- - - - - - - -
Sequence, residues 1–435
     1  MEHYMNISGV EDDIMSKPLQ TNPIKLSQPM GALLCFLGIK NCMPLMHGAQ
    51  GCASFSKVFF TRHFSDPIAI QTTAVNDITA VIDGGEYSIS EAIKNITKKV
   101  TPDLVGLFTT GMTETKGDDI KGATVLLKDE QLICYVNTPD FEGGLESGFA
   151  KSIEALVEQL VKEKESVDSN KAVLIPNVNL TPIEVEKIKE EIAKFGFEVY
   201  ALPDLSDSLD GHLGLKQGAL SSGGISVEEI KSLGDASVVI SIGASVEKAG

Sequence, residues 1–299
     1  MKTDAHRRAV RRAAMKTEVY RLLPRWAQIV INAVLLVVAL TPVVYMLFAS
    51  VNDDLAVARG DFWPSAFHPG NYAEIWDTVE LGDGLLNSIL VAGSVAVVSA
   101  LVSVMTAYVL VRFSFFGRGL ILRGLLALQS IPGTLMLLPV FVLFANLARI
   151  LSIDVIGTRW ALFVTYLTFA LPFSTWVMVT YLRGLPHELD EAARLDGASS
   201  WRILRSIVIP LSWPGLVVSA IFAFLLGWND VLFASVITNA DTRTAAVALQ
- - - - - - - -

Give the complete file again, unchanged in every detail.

Sequence, residues 1–435
     1  MEHYMNISGV EDDIMSKPLQ TNPIKLSQPM GALLCFLGIK NCMPLMHGAQ
    51  GCASFSKVFF TRHFSDPIAI QTTAVNDITA VIDGGEYSIS EAIKNITKKV
   101  TPDLVGLFTT GMTETKGDDI KGATVLLKDE QLICYVNTPD FEGGLESGFA
   151  KSIEALVEQL VKEKESVDSN KAVLIPNVNL TPIEVEKIKE EIAKFGFEVY
   201  ALPDLSDSLD GHLGLKQGAL SSGGISVEEI KSLGDASVVI SIGASVEKAG

Sequence, residues 1–299
     1  MKTDAHRRAV RRAAMKTEVY RLLPRWAQIV INAVLLVVAL TPVVYMLFAS
    51  VNDDLAVARG DFWPSAFHPG NYAEIWDTVE LGDGLLNSIL VAGSVAVVSA
   101  LVSVMTAYVL VRFSFFGRGL ILRGLLALQS IPGTLMLLPV FVLFANLARI
   151  LSIDVIGTRW ALFVTYLTFA LPFSTWVMVT YLRGLPHELD EAARLDGASS
   201  WRILRSIVIP LSWPGLVVSA IFAFLLGWND VLFASVITNA DTRTAAVALQ